When the screen becomes the screen and a pixel to the color, the question arises – at least in the visual art – the question of original and copy. What would the Louvre be without Mona Lisa and what Sotheby’s without the spectacular prices for the originals of Munch, Van Gogh or Monet? What has never been a topic in music or literature, with the Beaux Arts with photography and at the latest with digital art, became an identity crisis: What does a copy in these new genres actually different from a copy?
As long as canvas and brush in the game, the answer is clear: no printing method can give the color intensity, brush swing or the signs of wear of an original one to one again. That makes these works too much valuable pieces. In contrast, digital works of art can be duplicated in original quality in extreme cases, as there are screens on this earth. „The principle of the shortage can be given without loss in this case. It artificial, for example by defined conditions, to introduce again makes from artistic point of view no sense at all – of course, that is different from the economic point of view, „says multimedia artist Florian Kuhlmann.

With the art project Sellingthe.net Kuhlmann now addresses the question of original, unique and copy directly. On the one hand, of course, because his website exhibited artworks are basically a remix of works of others and he in turn provides them under the Creative Commen license for free processing. „That’s basically a game with the infinite reproducibility of material from the Internet,“ he explains. Thus, he first records the discussion that is rebed with the web around the copyrights of images, music pieces, films and texts and closes the so-called copyleft movement. This – shortened – said – an open deal with copyright rights, by waiving musicians, photographers, artists and authors under certain conditions for part of their rights (see also de.creativecommons.org).

On the other hand, Kuhlmann deals with Sellingthe.net also the art market mechanisms and its speculation, which is based on the myth of the original artwork. Because who is on a unique – ie an artificially aknowledged specimen of a limited series – has to pay: and the product from the underlying (1000) and the factor of two high serial number. „Sellingthe.net is open on one side, because everyone can download and print out the originals for free. On the other hand, it is elitist because it can theoretically lead through the built-in price mechanism to extremely high prices for unique pieces, „explains Kuhlmann.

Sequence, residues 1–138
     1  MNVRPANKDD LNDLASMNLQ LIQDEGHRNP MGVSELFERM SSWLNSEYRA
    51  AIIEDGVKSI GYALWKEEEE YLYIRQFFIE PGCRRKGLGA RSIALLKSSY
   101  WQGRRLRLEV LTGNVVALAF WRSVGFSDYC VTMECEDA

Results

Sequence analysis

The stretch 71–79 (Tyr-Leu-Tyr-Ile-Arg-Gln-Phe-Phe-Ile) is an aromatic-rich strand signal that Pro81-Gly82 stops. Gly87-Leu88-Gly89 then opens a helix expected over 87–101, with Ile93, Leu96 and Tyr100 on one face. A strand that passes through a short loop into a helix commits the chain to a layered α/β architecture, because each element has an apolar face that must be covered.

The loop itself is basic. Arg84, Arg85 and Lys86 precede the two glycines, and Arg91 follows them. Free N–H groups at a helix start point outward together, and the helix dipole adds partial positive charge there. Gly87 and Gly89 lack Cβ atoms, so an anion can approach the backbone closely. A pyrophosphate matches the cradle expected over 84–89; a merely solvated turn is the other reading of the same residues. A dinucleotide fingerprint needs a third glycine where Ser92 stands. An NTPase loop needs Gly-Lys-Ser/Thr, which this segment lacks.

At the same time, Kuhlmann makes the buyer to the Co-Author: An original becomes unique according to buying regulations, only then when the buyer has determined and signed the artwork. If another unique is sold from the same series, the previous buyer gets his money back. Whether this art savings happening is adopted by the audience is of course questionable. At any rate, Kuhlmann himself does not currently use spectacular profits. „I think that’s similar to the video art: no one does not buy a DVD with a copy of the movie because he then has a unique home – but because he wants to support the artist and his work,“ says Kuhlmann. For many artists, this is likely to be an existential hook. For several art lovers without speculation ambitions perhaps the reassuring idea that digital art is thus the last, almost commercial spot of our yet pretty profitable art world.